Trudeau keeps door ajar for compromise
Prime Minister Pierre Trudeau's invitation to Canada's restive provincial premiers for a meeting next Tuesday (Oct.13) is a final attempt to thrash out a compromise on Trudeau's hotly disputed plan for a new constitution.
But Mr. Trudeau, who is in Australia for the Commonwealth leaders meeting, said he intends to push ahead with his efforts to secure a new governing charter as soon as possible unless there is a breakthrough next Tuesday in his long-stalled negotiations with the provincial leaders.
His announcement follows a crucial meeting Oct. 5 with Britain's Margaret Thatcher on Canada's constitutional problems. The meeting ended ambiguously, adding to the confusion and tumult that his explosive constitutional debate has created.
Although Mr. Trudeau won an assurance from Mrs. Thatcher that she would not shirk putting his constitutional measures before the British Parliament, he failed to get her commitment to ensure speedy passage of the constitutional package.
This uncertainty added to the fast-growing political storm here, where eight of the country's 10 provincial governors are waging a dramatic, 11th-hour campaign to slow Mr. Trudeau's timeable for constitutional change.
Canada's current governing charter, a holdover from colonial days, is an 1867 act of the British Parliament, and Canada must obtain British approval of a new contitution. Ordinarily only a formality, this approval may now be a problem since some British members of Parliament are opposed to what Mr. Trudeau is trying to do.
Since the Canadian Supreme Court issued a complicated decision on the issue Sept. 28, a bitter debate over the Constitution has taken on an even more disturbing, angry tone, and questions are once more being raised about the survival of the Canadian federation.
The court's decision, which is open to conflicting interpretation, has worsened an already highly volatile situation. On the one hand, the nine judges gave their stamp of approval to the Trudeau government's attempt to set up a new constitution. However, they also declared it politically and morally wrong for Mr. Trudeau to go ahead with his plan in the face of widespread objections from provincial governments.
The ruling had the effect of strengthening Mr. Trudeau's determination to push ahead and, at the same time, fueling his opponents' will to stop him.
It has touched off a week of hectic activity across the nation. Canadians now seem even more divided and unsure about the future than at any time in the past 16 months of troubled debate on the Constitution.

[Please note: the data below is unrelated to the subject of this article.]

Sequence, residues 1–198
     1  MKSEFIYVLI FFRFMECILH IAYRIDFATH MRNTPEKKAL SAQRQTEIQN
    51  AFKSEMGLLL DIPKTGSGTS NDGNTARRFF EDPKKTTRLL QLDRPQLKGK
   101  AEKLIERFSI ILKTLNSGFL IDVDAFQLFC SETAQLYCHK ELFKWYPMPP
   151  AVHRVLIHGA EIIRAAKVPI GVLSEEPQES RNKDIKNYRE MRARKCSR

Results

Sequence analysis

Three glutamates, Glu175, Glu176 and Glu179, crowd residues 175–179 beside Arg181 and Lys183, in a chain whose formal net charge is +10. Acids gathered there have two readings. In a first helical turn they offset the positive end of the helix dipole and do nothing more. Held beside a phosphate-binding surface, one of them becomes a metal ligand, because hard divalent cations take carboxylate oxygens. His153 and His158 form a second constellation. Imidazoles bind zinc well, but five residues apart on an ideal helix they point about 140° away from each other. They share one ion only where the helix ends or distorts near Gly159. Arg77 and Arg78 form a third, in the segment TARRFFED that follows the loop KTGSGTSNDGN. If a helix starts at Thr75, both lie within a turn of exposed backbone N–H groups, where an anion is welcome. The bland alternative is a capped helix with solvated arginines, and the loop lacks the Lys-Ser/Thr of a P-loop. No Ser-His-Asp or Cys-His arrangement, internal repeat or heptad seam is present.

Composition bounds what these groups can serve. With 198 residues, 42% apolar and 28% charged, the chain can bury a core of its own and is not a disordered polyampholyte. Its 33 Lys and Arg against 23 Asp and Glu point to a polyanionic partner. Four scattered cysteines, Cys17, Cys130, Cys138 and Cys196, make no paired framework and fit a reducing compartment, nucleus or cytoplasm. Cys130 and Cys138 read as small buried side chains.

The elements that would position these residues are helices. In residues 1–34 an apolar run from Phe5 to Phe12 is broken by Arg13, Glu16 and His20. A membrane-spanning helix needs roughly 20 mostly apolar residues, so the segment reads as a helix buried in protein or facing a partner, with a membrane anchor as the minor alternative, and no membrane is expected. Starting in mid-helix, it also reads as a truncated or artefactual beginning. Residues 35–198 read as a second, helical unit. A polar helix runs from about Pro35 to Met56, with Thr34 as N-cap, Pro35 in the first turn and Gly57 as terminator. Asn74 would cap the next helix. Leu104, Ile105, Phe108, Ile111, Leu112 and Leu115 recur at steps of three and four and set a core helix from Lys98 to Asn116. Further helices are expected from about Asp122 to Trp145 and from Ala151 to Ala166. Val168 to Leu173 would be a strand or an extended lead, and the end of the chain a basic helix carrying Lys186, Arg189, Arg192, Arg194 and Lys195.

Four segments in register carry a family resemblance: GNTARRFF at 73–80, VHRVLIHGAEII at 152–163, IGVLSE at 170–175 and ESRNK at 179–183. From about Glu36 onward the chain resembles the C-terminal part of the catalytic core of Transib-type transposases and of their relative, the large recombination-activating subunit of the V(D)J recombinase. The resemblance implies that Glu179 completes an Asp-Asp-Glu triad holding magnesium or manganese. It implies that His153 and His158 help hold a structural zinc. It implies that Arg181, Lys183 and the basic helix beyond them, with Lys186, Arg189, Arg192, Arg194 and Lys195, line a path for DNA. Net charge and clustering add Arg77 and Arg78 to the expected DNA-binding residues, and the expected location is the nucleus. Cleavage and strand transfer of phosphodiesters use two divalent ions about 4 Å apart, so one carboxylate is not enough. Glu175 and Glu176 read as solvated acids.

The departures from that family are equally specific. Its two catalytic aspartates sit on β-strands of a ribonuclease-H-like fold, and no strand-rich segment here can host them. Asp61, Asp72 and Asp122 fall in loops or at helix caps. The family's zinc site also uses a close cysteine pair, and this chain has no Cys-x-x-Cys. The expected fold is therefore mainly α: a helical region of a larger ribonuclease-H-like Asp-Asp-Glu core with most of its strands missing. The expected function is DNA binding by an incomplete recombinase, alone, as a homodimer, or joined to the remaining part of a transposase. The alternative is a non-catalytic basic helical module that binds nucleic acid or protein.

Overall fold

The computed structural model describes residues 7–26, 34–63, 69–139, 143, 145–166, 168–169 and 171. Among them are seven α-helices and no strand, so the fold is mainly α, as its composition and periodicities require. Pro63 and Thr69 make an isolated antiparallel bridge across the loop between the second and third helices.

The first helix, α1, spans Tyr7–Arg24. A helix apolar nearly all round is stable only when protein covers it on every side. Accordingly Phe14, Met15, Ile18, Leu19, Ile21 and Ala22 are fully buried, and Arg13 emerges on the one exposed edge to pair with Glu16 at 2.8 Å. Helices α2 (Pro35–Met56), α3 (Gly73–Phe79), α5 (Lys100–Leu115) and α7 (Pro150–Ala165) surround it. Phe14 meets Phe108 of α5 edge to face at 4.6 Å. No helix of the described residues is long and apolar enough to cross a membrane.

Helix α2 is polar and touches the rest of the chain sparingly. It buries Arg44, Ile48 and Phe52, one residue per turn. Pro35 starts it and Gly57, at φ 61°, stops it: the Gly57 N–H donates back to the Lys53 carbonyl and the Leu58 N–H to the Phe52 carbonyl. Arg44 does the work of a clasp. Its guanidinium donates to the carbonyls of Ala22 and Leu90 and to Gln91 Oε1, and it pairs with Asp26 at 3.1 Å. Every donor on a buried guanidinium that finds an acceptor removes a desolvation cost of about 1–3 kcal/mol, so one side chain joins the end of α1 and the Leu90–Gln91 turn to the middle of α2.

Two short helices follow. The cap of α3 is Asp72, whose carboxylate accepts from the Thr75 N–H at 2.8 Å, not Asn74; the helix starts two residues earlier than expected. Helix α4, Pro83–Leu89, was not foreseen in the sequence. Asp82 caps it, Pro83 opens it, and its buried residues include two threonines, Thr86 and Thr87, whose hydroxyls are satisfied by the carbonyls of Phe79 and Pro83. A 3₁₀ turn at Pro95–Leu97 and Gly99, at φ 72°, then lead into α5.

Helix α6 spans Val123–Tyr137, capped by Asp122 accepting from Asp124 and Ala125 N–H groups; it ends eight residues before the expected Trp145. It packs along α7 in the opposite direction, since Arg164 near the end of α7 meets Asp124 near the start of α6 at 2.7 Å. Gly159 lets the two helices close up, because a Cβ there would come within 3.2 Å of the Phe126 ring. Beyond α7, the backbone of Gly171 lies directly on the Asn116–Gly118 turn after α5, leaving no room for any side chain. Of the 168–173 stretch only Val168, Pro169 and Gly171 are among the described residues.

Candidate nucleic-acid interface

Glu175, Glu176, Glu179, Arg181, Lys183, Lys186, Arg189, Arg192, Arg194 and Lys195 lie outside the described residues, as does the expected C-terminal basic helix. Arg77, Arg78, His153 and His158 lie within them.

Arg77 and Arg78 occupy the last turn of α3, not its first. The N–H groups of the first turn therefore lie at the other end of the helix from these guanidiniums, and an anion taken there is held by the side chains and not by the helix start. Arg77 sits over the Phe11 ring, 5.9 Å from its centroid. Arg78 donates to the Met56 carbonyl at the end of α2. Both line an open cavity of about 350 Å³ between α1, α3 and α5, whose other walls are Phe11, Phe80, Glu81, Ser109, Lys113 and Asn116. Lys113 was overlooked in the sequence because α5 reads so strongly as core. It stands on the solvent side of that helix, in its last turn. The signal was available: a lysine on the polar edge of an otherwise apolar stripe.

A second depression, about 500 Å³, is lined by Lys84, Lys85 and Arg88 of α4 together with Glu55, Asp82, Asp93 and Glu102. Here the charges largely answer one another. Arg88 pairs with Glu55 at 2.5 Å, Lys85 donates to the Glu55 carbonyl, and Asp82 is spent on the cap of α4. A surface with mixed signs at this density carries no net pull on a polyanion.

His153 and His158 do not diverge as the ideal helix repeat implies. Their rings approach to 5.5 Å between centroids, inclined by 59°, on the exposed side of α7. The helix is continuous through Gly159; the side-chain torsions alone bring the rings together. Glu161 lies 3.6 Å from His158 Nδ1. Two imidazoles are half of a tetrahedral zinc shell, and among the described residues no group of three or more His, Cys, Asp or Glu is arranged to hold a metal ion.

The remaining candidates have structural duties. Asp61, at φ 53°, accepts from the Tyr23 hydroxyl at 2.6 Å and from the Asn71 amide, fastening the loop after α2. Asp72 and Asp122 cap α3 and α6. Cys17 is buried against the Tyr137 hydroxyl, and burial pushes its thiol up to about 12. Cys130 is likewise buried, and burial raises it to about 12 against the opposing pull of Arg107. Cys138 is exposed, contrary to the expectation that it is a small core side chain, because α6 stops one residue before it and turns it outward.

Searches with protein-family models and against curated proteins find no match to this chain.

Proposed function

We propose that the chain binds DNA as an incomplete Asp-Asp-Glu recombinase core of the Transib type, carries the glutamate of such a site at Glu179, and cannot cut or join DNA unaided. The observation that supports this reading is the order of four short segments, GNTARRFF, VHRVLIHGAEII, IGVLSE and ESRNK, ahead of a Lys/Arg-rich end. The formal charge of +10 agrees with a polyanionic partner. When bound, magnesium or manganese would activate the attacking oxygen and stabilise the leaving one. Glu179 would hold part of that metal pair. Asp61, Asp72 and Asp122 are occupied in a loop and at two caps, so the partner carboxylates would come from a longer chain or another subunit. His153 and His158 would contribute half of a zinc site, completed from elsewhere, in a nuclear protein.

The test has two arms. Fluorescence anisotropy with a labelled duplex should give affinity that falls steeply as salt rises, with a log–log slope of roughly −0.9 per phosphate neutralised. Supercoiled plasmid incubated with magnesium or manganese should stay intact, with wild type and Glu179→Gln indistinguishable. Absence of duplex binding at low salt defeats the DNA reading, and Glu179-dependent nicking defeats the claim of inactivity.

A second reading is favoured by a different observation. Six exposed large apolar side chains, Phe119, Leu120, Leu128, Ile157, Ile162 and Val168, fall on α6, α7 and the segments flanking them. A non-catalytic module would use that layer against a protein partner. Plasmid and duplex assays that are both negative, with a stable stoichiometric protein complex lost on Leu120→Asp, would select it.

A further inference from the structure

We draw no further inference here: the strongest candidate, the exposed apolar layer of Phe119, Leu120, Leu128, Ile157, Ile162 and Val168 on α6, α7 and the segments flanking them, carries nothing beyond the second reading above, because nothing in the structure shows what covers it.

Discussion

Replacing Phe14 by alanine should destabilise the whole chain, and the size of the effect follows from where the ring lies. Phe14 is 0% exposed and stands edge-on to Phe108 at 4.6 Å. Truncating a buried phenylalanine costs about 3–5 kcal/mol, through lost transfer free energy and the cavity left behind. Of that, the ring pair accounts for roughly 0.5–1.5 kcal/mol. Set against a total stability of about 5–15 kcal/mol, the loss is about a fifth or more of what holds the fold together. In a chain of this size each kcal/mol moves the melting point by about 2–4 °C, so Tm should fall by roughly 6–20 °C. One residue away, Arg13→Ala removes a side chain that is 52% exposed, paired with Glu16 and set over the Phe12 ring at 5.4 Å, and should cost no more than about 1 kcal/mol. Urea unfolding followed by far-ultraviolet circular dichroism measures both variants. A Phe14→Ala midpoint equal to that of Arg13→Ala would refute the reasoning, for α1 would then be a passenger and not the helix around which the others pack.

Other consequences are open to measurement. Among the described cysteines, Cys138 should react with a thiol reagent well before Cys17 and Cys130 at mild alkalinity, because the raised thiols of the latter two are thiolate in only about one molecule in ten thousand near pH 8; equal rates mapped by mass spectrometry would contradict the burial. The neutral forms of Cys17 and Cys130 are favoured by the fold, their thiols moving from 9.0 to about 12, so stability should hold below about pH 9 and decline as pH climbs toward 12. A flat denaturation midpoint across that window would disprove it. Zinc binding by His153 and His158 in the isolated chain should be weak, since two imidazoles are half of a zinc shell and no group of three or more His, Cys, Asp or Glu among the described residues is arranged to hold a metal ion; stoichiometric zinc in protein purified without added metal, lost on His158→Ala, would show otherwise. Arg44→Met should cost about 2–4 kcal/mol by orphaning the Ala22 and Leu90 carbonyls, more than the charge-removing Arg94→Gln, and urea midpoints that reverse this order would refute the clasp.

In the unusual front-page editorial, the country's largest daily newspaper, the Toronto Star, said the court ruling had led to "a major deterioration in the political atmosphere of the nation."
The big question now is: What is Mr. Trudeau's next step? Having gotten the Supreme Court's legal OK for his constitutional package, he said he intends to move quickly for British approval.
However, Mr. Trudeau has also left the door ajar for a possible final round of discussions with the eight provincial leaders opposed to the constitutional package.
"I'm open to discussions on the substance of the resolution as long as it is not emasculated," Mr. Trudeau said last week. But he added that the dissident provincial leaders would have to come to him with suggestions for compromise, not the other way around.
Pressure has been steadily piling up for the Liberal Party government to slow its constitutional drive. The New Democrats a small, left-leaning party, rescinded its previous support for the Trudeau package unless a constitutional convention is held. The New Democrats' support is important because of the party's representation in western Canada, where the Liberals are extremely weak. s
Among the provinces, most of which object to the constitutional package because they believe it will undercut their power in Canada's federal system, the reaction was most pronounced in French-speaking Quebec. The government of Premier Rene Levesque, an avowed Quebec nationalist opposed to further cooperation with Ottawa, convened a special session of the provincial legislature to pass a motion condemning Mr. Trudeau's plans.
In a surprise twist, Claude Ryan, the Quebec Liberal Party leader who joined with Mr. trudeau in 1980 to defeat the movement for Quebec independence, this time sided with Mr. Levesque. This moved produced consternation within the Liberal Party.
Even if Mr. Trudeau acceeds to provincial demands for further discussions on the Constitution, the likelihood of a compromise is slim. Thus, the outlook is for what one columnist called a period of "interminably squabbling" between Ottawa and the provinces if the new governing charter is brought back from Britain in its current form.